Pandas II: drop() and isna()

In Pandas I tutorial, we used Jupyter Notebooks and Pandas to begin working the Metal Bands by Nation spreadsheet. We used a few different Pandas methods to do an initial inspection. In this tutorial, we will try to clean up and improve the data frame for analysis.

Image by Sharon Ang from Pixabay

This blog is part of a series of tutorials called Data in Day. Follow these tutorials to create your first end-to-end data science project in just one day. This is a fun easy project that will teach you the basics of setting up your computer for a data science project and introduce you to some of the most popular tools available. It is a great way to get acquainted with the data science workflow.

  1. General Setup for Data Science Projects with Python
  2. Virtual Environments I: Installing Pyenv with Homebrew
  3. Virtual Environments II: Creating a Virtual Environment with Pyenv and Installing Data Science Packages
  4. Jupyter Notebooks I: Getting Started with Jupyter Notebooks
  5. GitHub I: Getting Started with GitHub
  6. Pandas I: read_csv(), head(), tail(), info(), and describe()
  7. Pandas II: drop() and isna()
  8. Pandas III: value_counts(), duplicated(), min(), and max()

I. Data Analysis Using a Jupyter Notebook

1. Return to your project folder in Terminal. Enter:

$ jupyter notebook

When jupyter launches, select your project notebook. In the previous tutorial, we did some preliminary analysis using Pandas methods. To re-execute that code and start where we left off, select Kernel > Restart and Run all from the top of the page.

II. Drop a Column with Pandas

2. In the second cell of the notebook, we viewed the top five rows. One thing that we can do to clean and improve the data frame is to get rid of the “Unnamed: 0" column. It seems to be a duplicate of the index.

3. To get rid of that row, we can use drop(). This method will allow us to drop either a row or a column in a data frame. Enter:

df = df.drop(“Unnamed: 0”, axis=1) 

How this breaks down is we are using = to reassign our df variable to a modified version of itself. On the right side of this assignment applies drop() to df. For this to work, we need to provide drop() with the necessary arguments, in this case the name of the column and the axis. Keep in mind that if you want to drop more than one column as a time, put the columns in a list. When dropping columns, axis=1.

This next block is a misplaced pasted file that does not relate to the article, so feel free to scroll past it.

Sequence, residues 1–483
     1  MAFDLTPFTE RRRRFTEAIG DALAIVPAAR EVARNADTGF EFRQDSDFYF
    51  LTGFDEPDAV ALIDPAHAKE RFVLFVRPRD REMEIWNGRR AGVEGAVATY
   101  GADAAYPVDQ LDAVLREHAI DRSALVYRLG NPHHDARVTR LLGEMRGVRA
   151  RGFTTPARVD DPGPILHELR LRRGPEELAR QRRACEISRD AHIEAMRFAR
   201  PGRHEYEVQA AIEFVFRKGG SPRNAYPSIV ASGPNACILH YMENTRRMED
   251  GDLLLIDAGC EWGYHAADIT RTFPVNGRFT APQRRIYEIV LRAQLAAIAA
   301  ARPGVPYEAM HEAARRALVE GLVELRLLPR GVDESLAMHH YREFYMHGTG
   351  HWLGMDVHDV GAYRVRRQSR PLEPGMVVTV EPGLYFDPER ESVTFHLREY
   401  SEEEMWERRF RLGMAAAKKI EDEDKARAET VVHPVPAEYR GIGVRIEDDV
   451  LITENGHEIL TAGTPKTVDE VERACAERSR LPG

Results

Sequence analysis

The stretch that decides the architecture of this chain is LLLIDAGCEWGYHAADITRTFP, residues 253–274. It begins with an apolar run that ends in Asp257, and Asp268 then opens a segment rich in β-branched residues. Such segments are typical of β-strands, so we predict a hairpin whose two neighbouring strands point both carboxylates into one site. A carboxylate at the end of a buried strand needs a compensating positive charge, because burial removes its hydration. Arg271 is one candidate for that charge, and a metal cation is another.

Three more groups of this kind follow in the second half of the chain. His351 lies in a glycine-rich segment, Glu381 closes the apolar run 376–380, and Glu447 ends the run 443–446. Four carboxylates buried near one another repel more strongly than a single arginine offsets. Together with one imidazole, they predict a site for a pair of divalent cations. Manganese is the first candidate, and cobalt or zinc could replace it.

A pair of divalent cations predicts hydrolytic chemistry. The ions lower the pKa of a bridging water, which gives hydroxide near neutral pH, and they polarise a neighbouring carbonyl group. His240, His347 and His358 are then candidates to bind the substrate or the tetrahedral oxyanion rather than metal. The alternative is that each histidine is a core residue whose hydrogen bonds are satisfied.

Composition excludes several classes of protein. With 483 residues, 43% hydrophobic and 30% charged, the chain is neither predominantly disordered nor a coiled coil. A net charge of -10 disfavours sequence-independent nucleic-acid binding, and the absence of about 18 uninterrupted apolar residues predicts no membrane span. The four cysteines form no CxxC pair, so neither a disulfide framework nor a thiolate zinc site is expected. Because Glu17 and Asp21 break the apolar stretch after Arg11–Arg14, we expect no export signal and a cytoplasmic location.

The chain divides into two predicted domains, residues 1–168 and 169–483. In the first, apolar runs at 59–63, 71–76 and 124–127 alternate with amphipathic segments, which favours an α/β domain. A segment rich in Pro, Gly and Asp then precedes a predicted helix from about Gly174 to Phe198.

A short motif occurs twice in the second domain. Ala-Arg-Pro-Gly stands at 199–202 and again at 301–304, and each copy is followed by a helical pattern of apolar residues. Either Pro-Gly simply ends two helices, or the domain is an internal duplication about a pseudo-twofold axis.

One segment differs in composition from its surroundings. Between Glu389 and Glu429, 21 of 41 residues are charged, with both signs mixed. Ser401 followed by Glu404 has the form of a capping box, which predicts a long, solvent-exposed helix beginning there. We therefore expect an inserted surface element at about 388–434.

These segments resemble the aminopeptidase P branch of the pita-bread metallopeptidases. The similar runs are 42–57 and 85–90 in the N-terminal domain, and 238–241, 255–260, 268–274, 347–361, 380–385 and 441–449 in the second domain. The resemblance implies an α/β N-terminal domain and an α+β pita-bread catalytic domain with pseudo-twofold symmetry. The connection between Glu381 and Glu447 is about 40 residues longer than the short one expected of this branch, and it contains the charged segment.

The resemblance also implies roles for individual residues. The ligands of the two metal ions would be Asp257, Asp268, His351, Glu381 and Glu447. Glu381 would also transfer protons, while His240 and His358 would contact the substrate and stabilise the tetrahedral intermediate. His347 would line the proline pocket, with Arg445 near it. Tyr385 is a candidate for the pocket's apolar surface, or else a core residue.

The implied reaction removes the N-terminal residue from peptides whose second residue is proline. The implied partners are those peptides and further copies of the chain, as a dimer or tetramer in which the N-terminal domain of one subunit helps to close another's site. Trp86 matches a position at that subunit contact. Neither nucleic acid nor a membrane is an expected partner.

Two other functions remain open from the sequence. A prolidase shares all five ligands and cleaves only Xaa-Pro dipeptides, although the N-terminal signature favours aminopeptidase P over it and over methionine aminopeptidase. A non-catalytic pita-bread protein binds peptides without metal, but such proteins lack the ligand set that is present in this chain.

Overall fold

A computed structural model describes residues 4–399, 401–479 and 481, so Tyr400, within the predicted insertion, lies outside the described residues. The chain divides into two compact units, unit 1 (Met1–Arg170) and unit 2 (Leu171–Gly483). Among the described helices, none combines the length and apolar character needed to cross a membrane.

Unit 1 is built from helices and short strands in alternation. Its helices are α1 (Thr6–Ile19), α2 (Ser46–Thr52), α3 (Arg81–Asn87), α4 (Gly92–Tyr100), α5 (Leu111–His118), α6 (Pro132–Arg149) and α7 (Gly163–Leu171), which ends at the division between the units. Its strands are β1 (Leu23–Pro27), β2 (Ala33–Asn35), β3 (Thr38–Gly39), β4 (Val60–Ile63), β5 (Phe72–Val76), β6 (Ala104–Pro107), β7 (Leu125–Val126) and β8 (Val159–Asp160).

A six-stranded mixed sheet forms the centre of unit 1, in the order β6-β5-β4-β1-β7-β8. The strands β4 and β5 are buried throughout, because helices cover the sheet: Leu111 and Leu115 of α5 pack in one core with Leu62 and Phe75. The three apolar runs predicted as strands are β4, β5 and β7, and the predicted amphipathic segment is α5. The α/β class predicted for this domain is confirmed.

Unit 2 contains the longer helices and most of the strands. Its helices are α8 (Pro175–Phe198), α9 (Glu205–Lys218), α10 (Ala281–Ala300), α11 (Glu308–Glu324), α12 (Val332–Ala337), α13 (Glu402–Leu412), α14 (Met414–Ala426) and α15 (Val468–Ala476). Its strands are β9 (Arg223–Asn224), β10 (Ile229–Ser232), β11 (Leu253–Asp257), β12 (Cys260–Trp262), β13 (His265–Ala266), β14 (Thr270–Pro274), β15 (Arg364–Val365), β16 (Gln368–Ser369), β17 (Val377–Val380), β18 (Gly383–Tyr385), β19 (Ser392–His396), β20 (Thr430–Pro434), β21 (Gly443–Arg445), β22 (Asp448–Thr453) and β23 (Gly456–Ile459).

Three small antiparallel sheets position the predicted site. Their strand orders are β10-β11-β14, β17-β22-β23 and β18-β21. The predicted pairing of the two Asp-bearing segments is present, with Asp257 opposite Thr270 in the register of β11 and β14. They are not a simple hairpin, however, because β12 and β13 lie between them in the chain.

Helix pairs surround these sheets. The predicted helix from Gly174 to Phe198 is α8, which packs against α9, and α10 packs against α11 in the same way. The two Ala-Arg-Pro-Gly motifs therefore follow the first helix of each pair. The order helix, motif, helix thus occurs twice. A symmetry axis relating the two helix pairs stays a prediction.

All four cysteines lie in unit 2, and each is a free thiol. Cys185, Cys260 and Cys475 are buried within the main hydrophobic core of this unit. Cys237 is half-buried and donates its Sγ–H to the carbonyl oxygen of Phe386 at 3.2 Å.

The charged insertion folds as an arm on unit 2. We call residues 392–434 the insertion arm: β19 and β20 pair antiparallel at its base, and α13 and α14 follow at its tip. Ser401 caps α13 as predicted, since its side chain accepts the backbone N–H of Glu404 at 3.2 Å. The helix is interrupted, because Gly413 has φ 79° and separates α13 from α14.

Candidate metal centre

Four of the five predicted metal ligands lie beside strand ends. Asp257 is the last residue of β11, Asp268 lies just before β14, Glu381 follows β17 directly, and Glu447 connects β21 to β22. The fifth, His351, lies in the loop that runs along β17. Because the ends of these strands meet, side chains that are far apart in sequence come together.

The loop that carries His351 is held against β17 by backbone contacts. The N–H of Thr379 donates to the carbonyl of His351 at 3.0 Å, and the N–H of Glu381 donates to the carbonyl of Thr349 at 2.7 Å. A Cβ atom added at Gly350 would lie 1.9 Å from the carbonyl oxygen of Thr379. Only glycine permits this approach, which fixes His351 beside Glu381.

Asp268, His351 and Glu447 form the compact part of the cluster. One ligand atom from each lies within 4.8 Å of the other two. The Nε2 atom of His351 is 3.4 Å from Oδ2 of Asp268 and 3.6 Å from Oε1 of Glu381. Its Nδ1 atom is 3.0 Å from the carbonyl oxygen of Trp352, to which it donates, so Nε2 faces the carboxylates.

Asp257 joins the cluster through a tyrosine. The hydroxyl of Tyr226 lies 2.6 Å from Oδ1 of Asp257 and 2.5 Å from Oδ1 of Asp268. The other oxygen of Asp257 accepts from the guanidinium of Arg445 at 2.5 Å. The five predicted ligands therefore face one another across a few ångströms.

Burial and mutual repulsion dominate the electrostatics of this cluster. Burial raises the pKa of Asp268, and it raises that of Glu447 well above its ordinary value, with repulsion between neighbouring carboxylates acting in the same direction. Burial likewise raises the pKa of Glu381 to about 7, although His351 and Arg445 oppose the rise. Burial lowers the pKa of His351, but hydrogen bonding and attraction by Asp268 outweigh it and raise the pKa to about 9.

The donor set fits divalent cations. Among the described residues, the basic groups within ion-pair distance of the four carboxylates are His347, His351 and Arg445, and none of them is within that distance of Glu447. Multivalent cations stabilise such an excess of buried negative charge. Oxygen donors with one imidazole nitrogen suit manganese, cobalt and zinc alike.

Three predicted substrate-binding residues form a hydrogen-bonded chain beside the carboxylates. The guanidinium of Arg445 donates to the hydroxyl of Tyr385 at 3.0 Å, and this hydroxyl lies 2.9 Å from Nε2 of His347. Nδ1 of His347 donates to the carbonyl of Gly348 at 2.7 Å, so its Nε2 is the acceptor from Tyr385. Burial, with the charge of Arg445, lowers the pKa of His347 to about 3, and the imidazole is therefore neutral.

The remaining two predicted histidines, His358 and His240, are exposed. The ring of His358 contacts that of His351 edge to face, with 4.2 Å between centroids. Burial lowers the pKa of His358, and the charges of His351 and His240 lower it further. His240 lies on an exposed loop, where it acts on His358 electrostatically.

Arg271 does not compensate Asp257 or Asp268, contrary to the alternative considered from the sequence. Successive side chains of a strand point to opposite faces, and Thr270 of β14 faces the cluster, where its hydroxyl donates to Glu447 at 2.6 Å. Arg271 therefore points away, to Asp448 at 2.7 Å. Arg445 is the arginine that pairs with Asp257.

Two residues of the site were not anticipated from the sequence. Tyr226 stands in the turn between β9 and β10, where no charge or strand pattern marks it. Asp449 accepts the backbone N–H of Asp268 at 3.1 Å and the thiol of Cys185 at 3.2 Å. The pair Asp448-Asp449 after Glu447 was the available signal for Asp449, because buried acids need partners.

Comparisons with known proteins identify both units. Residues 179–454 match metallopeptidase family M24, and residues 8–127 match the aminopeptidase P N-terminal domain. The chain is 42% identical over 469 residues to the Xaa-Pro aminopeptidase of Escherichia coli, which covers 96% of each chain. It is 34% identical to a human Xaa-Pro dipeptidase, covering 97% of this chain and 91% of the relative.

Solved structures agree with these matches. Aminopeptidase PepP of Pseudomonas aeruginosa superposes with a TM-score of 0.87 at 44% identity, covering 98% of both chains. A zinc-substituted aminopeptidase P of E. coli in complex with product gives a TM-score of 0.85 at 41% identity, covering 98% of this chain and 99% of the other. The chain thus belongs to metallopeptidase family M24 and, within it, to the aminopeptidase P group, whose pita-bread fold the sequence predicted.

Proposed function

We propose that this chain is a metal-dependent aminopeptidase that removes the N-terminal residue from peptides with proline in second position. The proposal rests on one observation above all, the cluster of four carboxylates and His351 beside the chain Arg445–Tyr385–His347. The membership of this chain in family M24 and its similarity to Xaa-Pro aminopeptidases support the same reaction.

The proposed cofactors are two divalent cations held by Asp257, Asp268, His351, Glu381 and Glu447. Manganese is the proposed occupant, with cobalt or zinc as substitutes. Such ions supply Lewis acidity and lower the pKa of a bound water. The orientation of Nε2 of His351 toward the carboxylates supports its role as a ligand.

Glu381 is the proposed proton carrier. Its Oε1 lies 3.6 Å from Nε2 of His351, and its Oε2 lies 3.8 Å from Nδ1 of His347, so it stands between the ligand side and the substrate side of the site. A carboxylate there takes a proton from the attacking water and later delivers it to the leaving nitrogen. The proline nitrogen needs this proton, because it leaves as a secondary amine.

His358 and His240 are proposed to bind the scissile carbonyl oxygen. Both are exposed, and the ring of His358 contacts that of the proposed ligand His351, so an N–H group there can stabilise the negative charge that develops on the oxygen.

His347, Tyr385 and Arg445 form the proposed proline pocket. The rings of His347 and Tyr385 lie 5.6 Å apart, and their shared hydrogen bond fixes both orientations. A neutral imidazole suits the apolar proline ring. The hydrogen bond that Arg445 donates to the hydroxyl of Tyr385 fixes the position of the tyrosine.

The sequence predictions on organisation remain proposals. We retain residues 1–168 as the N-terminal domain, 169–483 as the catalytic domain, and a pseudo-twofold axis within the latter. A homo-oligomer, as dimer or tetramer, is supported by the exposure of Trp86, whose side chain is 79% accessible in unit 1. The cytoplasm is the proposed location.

III. Filling Missing Values with Pandas

4. Now that we’ve made that improvement, we can look closer at the rest of the data. We can check how many nulls are in each column by chaining together the methods isna() and sum():


5. It seems that there are 8 rows missing from “origin”. Let’s examine the rows where the data is missing by entering:


Now, your notebook should look something like this:

When we enter this line, what we are doing is asking Pandas to display the parts of df such that the column “origin” has a null value. Using the df[df[column]] syntax allows us to slice view portions of the data frame that meet a certain criteria.

When dealing with missing values, using discretion is key. There are a variety of ways we can deal with missing values and there are trade-offs to any approach. Since we are trying to determine what factors influence the number of fans a metal band has, we will keep that in mind for the decision.

Two ways that we might deal with this case are elimination or substitution. We can eliminate the missing values by removing those rows. Since we have 5000 rows of data, our analysis will not be radically affected by losing eight rows. However, we could also minimize the amount of data lost by substituting “Missing”. That way, we can still use the other data for those bands in our analysis.

Since this is on a small scale, this choice is fairly trivial. However, when a data set is larger and the amount of missing data is larger, you’ll want to do what you can to avoid throwing out too much data.

6. I’m going to go with the second option and replace those values with “Missing”. All we need to do is us fillna():

df = df.fillna(“Missing”)

Great, now that we got rid of that extra column and fixed our nulls, we can begin to inspect the data types of the other columns.

7. If you’re following the Data in a Day series, save your notebook as MyProject.ipynb, so we can continue where we left off. Keep reading Pandas III to continue.

III. What Did We Do?
1. Reopened the a project in Jupyter Notebooks.
2. Used drop() to eliminate a column in a Pandas data frame.
3. Chained isna() and sum() to return the number of missing values for all columns 4.
4. Used fillna() to fill missing values

IV. What is Next?
In Pandas III, we are going analyze and transform the “split” and “formed” columns in the Metal Bands by Nation data set.

🐍 Python Enthusiast 🐼 Pandas Aficionado ⭐ Experience NLP using SpaCy and NLTK 🔎 Relentlessly curious 👩🏻‍💻

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